‘No Mount’ was trending on social media before kick off. A hashtag that would have led to a cesspit of ungrounded criticism of Mason Mount six months ago was instead dominated by Chelsea fans questioning how their team would fare without the academy graduate and with their £72million summer signing.
This was only the second time Chelsea’s record signing has started a game for Chelsea in the position that persuaded Chelsea to make him their record signing. No matter the caveat – injuries, form, team dynamics – that’s a strange situation to be in after 28 games of the season.
Out of his comfort zone off the pitch as a 21-year-old in a new country, Havertz has looked uncomfortable on it, playing out of position with £72million worth of pressure weighing heavy on his shoulders.
There has been precious little for the Havertz positivity brigade to hang their collective hat on. Moments drawing the scorn of rival fans have been far more abundant, with his pass to nowhere against Brighton perhaps the most defining of all of them.
It was in a way the perfect manifestation of a horrible first six months at Stamford Bridge.
Kai Havertz giving pass of the season in their opening game 😂 pic.twitter.com/eV7QpstJdg
— THE STATISTICIAN (@dasmanijnr) September 14, 2020
Havertz and Chelsea will be hoping that three moments against Everton – that punctuated by far his best performance for the Blues – prove to be just as accurate embodiments of what is to come.
Crucially, and unsurprisingly given his role on Monday, Havertz was in the box. For a player bought for his goals from midfield, the German has spent far too much of his time in a Chelsea shirt on the periphery of the action.
What Havertz thought was his second Premier League goal – Chelsea’s opener – turned out to be an own goal after Havertz’s deft touch was ruled to be heading wide before Ben Godfrey’s unfortunate intervention. But the position Havertz took up – in space slightly deeper than two of Everton’s three centre-backs – is exactly where he can and will do damage.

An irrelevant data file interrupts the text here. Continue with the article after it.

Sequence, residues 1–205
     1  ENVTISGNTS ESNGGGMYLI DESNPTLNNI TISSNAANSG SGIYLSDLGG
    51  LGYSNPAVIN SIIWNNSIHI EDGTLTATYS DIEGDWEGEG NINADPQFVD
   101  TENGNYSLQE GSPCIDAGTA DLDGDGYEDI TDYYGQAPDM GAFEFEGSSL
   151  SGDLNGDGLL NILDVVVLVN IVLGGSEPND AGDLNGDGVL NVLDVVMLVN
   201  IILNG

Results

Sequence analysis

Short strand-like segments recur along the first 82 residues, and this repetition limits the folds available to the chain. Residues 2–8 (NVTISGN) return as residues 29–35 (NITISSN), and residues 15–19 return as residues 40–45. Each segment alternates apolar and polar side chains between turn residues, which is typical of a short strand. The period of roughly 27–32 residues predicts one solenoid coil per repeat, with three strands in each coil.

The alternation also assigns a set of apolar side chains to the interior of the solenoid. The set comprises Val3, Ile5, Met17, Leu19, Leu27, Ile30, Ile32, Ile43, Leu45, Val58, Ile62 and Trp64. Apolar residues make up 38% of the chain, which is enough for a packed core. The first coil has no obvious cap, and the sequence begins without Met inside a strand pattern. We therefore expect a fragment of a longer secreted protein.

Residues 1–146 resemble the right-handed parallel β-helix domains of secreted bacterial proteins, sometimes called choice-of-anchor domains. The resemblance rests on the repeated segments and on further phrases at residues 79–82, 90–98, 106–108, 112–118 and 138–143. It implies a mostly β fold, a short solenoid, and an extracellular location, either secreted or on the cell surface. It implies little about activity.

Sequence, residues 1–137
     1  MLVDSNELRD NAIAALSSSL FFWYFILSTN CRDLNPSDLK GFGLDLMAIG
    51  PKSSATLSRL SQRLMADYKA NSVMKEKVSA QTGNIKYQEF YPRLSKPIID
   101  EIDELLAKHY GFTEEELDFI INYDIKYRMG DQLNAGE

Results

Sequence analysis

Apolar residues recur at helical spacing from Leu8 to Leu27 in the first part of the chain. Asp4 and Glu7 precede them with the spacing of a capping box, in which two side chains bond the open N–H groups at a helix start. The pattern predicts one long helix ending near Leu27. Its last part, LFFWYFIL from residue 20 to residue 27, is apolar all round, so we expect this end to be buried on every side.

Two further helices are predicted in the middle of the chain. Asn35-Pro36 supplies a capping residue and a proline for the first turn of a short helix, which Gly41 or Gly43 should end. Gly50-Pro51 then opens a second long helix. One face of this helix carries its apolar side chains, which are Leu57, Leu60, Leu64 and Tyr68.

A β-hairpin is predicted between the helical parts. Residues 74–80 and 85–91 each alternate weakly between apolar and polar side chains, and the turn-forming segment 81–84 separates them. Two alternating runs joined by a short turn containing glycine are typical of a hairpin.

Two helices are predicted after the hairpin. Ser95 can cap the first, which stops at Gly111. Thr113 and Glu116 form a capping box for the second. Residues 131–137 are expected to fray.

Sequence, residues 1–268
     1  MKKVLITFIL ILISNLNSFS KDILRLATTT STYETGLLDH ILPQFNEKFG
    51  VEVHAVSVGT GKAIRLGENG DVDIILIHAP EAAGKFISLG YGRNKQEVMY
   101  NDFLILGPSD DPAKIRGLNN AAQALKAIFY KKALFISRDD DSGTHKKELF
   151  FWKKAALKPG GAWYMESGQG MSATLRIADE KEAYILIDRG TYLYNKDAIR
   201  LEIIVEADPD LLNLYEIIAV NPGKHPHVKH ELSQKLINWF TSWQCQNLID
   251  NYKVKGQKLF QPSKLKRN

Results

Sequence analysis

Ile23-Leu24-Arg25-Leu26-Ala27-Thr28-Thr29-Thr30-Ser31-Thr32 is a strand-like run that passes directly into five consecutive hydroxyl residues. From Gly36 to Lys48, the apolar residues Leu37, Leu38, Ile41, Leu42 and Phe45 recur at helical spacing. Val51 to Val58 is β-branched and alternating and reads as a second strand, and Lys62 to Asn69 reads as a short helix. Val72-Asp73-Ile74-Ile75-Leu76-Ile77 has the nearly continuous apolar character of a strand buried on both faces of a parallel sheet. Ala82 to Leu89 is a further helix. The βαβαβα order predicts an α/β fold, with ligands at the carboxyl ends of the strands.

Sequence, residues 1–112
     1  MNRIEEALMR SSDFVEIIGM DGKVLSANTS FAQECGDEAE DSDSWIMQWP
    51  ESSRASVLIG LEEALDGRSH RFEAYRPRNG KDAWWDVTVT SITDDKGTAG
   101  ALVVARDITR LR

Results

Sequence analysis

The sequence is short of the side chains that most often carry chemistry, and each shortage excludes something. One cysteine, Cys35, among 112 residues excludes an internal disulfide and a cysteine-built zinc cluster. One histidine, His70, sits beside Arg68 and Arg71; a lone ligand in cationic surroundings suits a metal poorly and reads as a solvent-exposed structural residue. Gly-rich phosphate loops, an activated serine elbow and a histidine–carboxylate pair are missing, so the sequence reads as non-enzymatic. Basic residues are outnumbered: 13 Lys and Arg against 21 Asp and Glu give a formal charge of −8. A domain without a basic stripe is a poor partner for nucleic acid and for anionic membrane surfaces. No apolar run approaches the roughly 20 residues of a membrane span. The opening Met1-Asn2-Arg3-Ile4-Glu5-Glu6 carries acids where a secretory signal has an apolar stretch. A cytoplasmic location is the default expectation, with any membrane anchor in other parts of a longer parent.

He’s not like Olivier Giroud or Tammy Abraham, who battle with centre-backs to win the ascendency, and nor is he expected to do so in this false 9 role. But the second moment of note in this game, which saw Havertz control the ball in the air, turn the not insignificant Godfrey, and fire past Pickford, was an indication of his ability to marry the physical with the technical. He was ruled to have handled it with exactly the part of the arm that is offside if you’re Timo Werner scoring a goal against Liverpool. Peter Walton says it wasn’t handball, and that ladies and gentlemen, is gospel.
Everton just didn’t quite know how to deal with him. It’s often the difficulty in playing against the false 9, with centre-backs and defensive midfielders not quite sure who should be picking him up. It meant that Havertz could roam in midfield for the majority and surprise them with the odd break in behind, as was the case when Jordan Pickford brought him down for the penalty. He’s the sort of player – rangy and gliding – who looks slow but isn’t, and he easily burst on to the through ball to get there before Pickford. He’s never going to be as devastating as Werner in that situation, but offers enough to allow his teammates to look to him from deep and keep the opposition guessing rather than always dropping to get involved in the play.
For a team short of a top, top striker, currently playing a system which doesn’t allow for more than two of the huge number of creative, goalscoring un-strikers in the team, Havertz up top makes perfect sense. Giroud and Abraham are both good line leaders, but after this display their future selection will seem more like a block of one of the more skillful players; a wasted position with Havertz, Christian Pulisic or Hakim Ziyech inevitably forced to warm the bench.
Havertz was generally terrible for Chelsea before Monday night. But that’s just it, that wasn’t Havertz – not really. This is Havertz.
Will Ford is on Twitter